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Indoor Plants Are Good for Your Health

09/28/2015 05:36 EDT | Updated 09/28/2016 05:12 EDT
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Businessman with Large Houseplant

With summer coming to a close and the cooler temperatures beginning to infiltrate the Canadian climate, most of us will eschew the outdoor environment for the warmer climes of indoor air. But the warmth of the air is perhaps the only benefit to being inside.

Humans have a tendency to change the ecology of the indoor environment, and it's not at all good. A pristine room can quickly turn into a cesspool comprised of unwanted odours and high levels of productivity-depleting carbon dioxide. Any enclosed space can take on that "locker room" feel in just a matter of days. This can have a dramatic effect on our physiological health and also our mental capacity.

As we live and breathe, we are continually shedding all sorts of waste into the air. Our lungs disperse carbon dioxide while our skin and hair evaporate off volatile chemicals considered to be unneeded or toxic to our system. These two factors alone can ruin an environment and make it inhospitable.

There is another factor to take into account: microbes. Each and every hour, we are sending at least a million bacteria, viruses and fungi spores into the environment. These species are suited to the human but will gladly take up residence anywhere it happens to be warm and relatively humid. Over time, many of these species can develop larger colonies called biofilms and send out even higher concentrations of volatiles as well as other potentially harmful byproducts including toxins and spores.

Trying to figure out how to renew the air quality of the indoors can be a challenge. Open windows are the best tactic but many modern buildings simply do not have this option. For those buildings with installed heating, ventilation, or air-conditioning (HVAC) systems, there has to be at least three air changes per hour to make a difference. But achieving that level can put significant stress on equipment and also operational costs.

A third option entails disinfection of the area. But this isn't entirely effective unless dramatic measures are taken. Hydrogen peroxide vapour can get rid of those biofilms while photocatalytic devices are designed to clear the air of volatiles. Although these are effective, they are not feasible for most buildings and definitely not the home.

There is one final option that is both cost-effective and also extremely beneficial. All you have to do is bring Mather Nature indoors in the form of plants. For many Canadians, this isn't entirely a new concept. For decades, plants have been brought into the home and office to brighten up the mood and add some colour to an otherwise drab atmosphere. But the benefits are far greater than aesthetics.

For one, plants are able to help clean the air. They help to reduce pollutants such as ozone during the day. At night, thanks to photosynthesis, they convert carbon dioxide into oxygen. This process also increases the local humidity, forcing toxins and other airborne volatiles to settle so you don't have to breathe them the next day.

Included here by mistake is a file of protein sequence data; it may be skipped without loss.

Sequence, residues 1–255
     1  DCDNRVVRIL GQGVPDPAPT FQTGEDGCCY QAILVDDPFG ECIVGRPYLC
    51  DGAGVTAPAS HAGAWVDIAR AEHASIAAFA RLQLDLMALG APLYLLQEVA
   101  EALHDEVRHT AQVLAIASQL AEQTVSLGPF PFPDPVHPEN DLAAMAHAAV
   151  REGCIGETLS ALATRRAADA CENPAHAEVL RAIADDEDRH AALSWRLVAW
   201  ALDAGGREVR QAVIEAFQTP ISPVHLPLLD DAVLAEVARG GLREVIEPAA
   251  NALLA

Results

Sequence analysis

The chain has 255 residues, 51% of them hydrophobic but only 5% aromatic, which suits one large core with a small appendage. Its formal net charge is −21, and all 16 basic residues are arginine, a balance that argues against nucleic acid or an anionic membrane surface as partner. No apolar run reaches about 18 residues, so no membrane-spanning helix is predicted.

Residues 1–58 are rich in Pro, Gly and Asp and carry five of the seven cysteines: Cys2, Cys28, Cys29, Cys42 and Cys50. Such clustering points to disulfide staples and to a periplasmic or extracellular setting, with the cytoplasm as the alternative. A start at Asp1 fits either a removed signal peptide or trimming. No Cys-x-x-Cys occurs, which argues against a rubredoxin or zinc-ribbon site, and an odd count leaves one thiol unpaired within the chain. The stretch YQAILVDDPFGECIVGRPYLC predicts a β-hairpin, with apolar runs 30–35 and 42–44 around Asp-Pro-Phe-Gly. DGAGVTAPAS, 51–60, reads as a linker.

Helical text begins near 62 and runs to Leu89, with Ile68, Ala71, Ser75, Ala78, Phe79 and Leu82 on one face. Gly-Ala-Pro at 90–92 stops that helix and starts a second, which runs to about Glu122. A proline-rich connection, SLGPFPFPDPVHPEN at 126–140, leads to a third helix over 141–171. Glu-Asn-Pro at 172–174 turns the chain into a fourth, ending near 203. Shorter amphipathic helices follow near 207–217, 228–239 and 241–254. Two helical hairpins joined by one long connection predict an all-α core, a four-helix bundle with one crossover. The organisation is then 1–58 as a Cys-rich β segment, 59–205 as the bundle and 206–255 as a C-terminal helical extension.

Plants also have the ability to change the levels of stress in an environment. In 1996, a study revealed the benefit of plants in the workplace to help control stress and increase productivity. Then in 2006, a rather remarkable study showed how plants in hospital rooms could actually help patients heal faster. Though the majority of reasons were psychological, the molecular contributions should not be ignored.

There may be another advantage to having plants in the room, though the benefit is not chemical, but microbial. In a study published last month, an international team of researchers unveiled the hidden microscopic benefits of having plants in the room. Based on their findings, plants contribute to a strong microbial diversity indoors and may help to keep the locker room effect at bay.

The experiments were quite simple and involved one particular type of foliage, the spider plant, also known as hen and chickens. The plant was placed in a clean room and allowed to grow for a period of six months. At various intervals, a variety of parameters were sampled ranging from indoor air, plant leaf surface and surrounding environmental surfaces.

The samples were then taken back to the lab where any microbial life was detected using genetic techniques. The various species were recorded and eventually a timeline was developed to determine just how much this plant contributed to the development of a microbial population.

As expected, the plant increased the number of microbes in the area. But the surprise came in how this abundance wasn't limited to a single bacterial type. There were dozens of bacteria, archaeal and fungal species. A few were similar to those found on humans, but most had no association with human life. This suggested the incorporation of a single plant was in effect bringing Mother Nature indoors. Even better, the diversity was diluting out the human microbial population leaving less chances for them to take over and ruin the place.

Whatever your reason for bringing a plant indoors, expect some health, mental, and now microbial benefits. But, there is one slight catch. Plants need attention and have to be given ample amount of water, nutrients and occasionally soil. If they are not kept healthy, they too can fall victim to a variety of ailments, including fungal infection. This in turn will end up costing them not only their productivity, but quite possibly their lives.

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